Human Factors of Firefighter Safety
Smoke & Air Quality
Wildland Firefighter Health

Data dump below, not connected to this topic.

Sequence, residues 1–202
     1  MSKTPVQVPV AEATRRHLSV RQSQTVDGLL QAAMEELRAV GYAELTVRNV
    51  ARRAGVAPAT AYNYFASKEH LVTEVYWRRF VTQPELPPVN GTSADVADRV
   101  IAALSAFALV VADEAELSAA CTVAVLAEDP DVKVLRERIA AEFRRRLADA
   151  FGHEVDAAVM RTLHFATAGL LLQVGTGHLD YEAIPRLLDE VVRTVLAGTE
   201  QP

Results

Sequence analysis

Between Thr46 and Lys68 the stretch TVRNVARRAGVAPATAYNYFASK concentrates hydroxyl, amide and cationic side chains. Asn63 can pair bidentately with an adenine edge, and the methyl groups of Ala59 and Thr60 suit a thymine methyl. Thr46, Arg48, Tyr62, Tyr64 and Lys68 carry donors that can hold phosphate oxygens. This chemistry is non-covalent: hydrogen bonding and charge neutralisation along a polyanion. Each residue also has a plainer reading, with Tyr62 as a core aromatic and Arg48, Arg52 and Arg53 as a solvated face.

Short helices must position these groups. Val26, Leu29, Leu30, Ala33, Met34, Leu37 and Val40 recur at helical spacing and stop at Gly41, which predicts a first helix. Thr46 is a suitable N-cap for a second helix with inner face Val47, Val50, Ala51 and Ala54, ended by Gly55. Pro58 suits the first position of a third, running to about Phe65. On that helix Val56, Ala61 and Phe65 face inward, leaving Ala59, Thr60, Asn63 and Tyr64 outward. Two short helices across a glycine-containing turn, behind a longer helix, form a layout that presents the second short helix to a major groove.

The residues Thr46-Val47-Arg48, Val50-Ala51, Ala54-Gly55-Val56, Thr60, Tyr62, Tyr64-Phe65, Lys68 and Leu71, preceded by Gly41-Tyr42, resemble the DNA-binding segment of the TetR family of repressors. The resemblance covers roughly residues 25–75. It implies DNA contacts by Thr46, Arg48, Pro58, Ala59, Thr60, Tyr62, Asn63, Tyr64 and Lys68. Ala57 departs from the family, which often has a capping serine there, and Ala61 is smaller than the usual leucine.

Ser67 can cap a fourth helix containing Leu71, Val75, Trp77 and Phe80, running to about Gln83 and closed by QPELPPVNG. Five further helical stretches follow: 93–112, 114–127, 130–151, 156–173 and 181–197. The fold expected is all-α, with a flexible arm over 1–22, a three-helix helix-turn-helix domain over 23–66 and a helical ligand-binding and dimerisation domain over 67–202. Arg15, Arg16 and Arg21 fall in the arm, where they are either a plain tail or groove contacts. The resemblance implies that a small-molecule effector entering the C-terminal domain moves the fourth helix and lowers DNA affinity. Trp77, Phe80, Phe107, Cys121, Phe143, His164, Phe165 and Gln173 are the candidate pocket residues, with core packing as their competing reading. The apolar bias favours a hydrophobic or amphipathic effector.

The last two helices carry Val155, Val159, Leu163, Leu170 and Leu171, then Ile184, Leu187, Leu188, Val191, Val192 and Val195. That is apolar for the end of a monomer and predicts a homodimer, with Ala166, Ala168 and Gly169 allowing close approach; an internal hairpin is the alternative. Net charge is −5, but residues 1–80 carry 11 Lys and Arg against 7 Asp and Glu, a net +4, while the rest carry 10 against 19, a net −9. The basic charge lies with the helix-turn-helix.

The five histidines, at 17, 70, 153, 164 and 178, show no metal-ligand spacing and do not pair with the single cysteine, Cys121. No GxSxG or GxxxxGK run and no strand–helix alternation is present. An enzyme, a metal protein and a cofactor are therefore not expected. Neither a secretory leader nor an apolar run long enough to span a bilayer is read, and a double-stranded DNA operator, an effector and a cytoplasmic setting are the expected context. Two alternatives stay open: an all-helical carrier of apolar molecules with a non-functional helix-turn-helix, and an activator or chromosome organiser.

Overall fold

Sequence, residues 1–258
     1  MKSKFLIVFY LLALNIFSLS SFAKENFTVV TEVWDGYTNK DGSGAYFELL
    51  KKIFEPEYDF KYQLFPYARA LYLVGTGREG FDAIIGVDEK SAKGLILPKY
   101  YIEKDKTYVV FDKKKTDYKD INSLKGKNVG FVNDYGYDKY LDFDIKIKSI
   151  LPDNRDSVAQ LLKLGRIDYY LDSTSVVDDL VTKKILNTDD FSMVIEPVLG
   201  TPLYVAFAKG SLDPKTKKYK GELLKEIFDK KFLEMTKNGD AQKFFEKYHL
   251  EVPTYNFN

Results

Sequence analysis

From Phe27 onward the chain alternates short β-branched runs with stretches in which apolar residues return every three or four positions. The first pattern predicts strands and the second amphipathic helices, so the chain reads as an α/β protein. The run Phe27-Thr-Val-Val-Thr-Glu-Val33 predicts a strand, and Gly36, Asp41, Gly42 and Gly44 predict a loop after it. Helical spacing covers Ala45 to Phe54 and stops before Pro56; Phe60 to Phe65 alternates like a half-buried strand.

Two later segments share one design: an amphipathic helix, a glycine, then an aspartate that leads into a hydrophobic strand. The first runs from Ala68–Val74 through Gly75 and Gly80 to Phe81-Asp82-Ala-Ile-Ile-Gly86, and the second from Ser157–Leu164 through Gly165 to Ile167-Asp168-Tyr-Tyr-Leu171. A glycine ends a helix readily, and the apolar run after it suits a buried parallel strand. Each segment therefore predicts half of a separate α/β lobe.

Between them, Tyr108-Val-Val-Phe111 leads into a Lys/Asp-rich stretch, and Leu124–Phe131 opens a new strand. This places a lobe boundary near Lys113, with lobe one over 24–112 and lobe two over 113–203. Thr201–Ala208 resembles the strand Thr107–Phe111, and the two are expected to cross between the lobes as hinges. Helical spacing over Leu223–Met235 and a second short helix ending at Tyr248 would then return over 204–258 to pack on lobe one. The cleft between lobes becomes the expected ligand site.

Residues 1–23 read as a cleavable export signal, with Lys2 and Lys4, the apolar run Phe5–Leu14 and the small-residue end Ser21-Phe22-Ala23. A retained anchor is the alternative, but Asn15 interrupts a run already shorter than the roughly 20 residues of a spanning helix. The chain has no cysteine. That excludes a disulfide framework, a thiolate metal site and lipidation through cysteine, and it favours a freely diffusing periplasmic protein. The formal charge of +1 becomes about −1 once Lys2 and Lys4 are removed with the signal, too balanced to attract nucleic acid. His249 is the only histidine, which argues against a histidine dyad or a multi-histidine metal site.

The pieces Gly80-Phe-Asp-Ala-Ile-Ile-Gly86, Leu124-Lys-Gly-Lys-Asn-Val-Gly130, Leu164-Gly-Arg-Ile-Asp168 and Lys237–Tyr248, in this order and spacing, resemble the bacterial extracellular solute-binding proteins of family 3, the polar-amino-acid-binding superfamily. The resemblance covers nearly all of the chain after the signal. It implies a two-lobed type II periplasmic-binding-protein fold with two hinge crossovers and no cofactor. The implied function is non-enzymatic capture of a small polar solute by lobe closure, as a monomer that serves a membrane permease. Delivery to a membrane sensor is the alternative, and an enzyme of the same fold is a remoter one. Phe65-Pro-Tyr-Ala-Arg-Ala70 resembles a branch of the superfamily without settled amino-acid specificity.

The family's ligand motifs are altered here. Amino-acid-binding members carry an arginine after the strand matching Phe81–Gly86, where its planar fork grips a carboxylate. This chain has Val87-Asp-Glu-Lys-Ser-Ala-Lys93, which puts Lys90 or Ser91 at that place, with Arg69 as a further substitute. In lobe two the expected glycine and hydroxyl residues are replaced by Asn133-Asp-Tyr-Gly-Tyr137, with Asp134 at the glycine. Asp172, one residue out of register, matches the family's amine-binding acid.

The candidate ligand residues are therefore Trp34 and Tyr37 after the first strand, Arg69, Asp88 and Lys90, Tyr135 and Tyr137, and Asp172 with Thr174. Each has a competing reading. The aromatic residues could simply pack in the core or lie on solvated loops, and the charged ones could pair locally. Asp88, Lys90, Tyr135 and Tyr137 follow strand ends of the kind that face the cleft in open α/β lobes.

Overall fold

Wildland firefighters are exposed to smoke-containing particulate matter (PM) and volatile organic compounds (VOCs) while suppressing wildfires. From 2015 to 2017, the U.S. Forest Service conducted a field study collecting breathing zone measurements of PM 4 (particulate matter with aerodynamic diameter ≤4 μm) on wildland firefighters from different crew types and while performing various fire suppression tasks on wildfires. Emission ratios of VOC (parts per billion; ppb): PM1 (particulate matter with aerodynamic diameter ≤1 μm; mg/m3 ) were calculated using data from a separate field study conducted in summer 2018, the Western Wildfire Experiment for Cloud Chemistry, Aerosol Absorption, and Nitrogen (WE-CAN) Campaign. These emission ratios were used to estimate wildland firefighter exposure to acrolein, benzene, and formaldehyde. Results of this field sampling campaign reported that exposure to PM 4 and VOC varied across wildland firefighter crew type and job task. Type 1 crews had greater exposures to both PM 4 and VOCs than type 2 or type 2 initial attack crews, and wildland firefighters performing direct suppression had statistically higher exposures than those performing staging and other tasks (mean differences = 0.82 and 0.75 mg/m3 ; 95% confidence intervals = 0.38−1.26 and 0.41−1.08 mg/m3 , respectively). Of the 81 personal exposure samples collected, 19% of measured PM 4 exposures exceeded the recommended National Wildland Fire Coordinating Group occupational exposure limit (0.7 mg/m3 ). Wildland fire management should continue to find strategies to reduce smoke exposures for wildland firefighters.